My smile showed not only from a recognition of the repetition in images that bridges the two volumes, but also from a sense of fulfillment, a feeling that Levine, too, was acknowledging some greater degree of identification with the musicians he admires so much, those figures of jazz such as Bird, with his “breath of genius / which now I hear soaring above my own.” Like those bebop musicians—including Bud Powell or Thelonious Monk—Levine lauds in his deceptively plain-spoken yet lyrical lines, the poet has developed a distinctive sound over the past few decades that preserves well the mood and atmosphere of particular times or places now lost. As well, the poet’s characters, many long dead, appear as presences kept alive a little bit longer by lingering elegiac lyrics, each phrase sounding like a breath of expression blown into a wind instrument or notes from some old piano riff held forever on tape from a recording session more than half a century ago.

In the last two decades readers may have detected a mellowing voice in many of Philip Levine’s poems, which has resulted in a strengthening rather than a weakening of the poetry. The language one finds in his recent collections appears more open to a greater range of sentiments and to possibilities of extending forth moments holding tender emotions without slipping into sentimentality. In Alice Quinn’s conversation with Levine and Galway Kinnell that appeared in The New Yorker last October, Levine acknowledged his awareness of a shift within his work after once hearing Kinnell compliment “tenderness” in poetry: “I thought, he’s right. Why the hell isn’t that in my poetry? It changed the way I looked at the past.”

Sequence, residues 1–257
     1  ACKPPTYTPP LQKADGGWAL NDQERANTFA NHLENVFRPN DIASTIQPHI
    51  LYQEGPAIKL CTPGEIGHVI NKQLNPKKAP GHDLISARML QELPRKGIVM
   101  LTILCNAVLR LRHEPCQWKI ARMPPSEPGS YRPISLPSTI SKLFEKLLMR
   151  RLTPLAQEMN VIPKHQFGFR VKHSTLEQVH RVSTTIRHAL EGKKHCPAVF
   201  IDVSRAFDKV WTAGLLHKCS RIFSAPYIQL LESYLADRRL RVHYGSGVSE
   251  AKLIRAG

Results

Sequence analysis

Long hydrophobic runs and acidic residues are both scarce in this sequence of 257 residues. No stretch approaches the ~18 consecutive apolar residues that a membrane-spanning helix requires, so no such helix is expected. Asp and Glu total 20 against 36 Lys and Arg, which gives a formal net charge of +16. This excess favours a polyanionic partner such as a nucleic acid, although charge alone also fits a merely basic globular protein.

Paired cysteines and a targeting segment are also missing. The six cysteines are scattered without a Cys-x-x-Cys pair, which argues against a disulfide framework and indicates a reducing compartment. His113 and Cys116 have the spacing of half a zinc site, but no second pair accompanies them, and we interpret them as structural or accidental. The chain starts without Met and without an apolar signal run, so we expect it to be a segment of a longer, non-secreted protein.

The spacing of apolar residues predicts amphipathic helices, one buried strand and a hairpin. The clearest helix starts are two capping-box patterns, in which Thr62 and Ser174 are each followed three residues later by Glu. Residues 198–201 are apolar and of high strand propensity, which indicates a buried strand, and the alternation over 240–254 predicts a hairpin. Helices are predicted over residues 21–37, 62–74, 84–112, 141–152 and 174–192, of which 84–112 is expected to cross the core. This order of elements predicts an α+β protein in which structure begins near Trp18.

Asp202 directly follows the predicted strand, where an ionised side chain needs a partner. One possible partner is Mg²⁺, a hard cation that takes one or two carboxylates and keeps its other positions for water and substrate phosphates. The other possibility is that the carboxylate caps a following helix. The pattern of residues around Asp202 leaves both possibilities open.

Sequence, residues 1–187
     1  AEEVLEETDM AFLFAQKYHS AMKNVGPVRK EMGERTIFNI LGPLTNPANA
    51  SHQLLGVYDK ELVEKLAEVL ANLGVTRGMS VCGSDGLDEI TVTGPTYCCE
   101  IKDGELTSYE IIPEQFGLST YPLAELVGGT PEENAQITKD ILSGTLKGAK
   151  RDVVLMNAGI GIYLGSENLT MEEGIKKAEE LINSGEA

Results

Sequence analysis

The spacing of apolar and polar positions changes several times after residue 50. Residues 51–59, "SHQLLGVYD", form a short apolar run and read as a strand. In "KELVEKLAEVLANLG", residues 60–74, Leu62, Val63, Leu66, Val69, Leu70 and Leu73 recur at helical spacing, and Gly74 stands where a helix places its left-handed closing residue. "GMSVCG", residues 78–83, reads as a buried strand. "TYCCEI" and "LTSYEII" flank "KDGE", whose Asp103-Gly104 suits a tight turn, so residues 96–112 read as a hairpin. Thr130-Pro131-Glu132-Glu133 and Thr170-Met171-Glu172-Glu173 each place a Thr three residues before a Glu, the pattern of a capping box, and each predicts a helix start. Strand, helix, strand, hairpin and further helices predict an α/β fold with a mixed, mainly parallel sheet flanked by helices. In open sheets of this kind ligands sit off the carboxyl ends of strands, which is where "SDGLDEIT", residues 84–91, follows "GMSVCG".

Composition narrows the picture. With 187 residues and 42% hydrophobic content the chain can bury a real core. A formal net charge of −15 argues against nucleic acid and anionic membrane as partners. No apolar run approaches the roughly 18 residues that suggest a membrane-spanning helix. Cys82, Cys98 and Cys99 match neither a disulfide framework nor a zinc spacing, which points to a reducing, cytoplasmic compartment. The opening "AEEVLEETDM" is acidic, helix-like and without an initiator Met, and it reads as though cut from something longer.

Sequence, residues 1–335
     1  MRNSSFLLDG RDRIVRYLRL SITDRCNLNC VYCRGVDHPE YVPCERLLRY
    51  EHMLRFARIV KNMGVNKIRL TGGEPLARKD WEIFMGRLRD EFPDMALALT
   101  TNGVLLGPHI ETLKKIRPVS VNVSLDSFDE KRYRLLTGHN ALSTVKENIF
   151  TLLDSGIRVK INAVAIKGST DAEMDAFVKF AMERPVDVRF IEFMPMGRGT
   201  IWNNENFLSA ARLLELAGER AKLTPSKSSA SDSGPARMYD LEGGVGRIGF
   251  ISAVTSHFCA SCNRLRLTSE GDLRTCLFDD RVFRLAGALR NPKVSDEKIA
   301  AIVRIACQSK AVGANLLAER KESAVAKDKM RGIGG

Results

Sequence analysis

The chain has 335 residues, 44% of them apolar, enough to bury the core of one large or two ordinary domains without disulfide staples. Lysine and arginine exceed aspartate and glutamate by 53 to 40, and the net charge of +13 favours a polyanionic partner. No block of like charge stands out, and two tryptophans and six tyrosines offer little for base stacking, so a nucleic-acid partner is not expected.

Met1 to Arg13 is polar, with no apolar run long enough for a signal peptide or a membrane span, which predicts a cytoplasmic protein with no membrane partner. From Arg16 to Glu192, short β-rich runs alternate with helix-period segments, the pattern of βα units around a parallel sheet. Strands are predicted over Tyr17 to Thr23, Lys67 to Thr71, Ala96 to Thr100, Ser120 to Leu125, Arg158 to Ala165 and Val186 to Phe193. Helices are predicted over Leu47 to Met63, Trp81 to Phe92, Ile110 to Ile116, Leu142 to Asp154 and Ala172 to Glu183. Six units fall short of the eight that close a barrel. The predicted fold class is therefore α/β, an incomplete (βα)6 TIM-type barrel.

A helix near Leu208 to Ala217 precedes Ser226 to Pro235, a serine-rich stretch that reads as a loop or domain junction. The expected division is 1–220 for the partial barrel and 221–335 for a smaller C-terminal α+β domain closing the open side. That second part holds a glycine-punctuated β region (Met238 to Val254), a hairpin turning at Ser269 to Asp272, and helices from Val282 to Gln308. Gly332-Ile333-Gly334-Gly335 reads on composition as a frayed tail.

That effort to include a tender look at the world has been especially evident in Levine’s last two books—his pair of volumes published since winning the National Book Award in 1991 for What Work Is and the Pulitzer Prize in 1995 for The Simple Truth; although, the poet’s softer voice was already speaking in much of those award-winning collections as well. Levine seems to be emphasizing less anger and resentment in these recent works, as he displays even greater affection for those individuals from his past who populate his poems. In his New Yorker discussion with Quinn and Kinnell, Levine remarked upon a wish to include in his writing many individuals he’d known over the years, “people who didn’t appear in poetry,” and whose lives touched his own: “I thought, God, what an opportunity I’ve been given here, to try to get these people into some poems. And then, lo and behold, they appear in The New Yorker.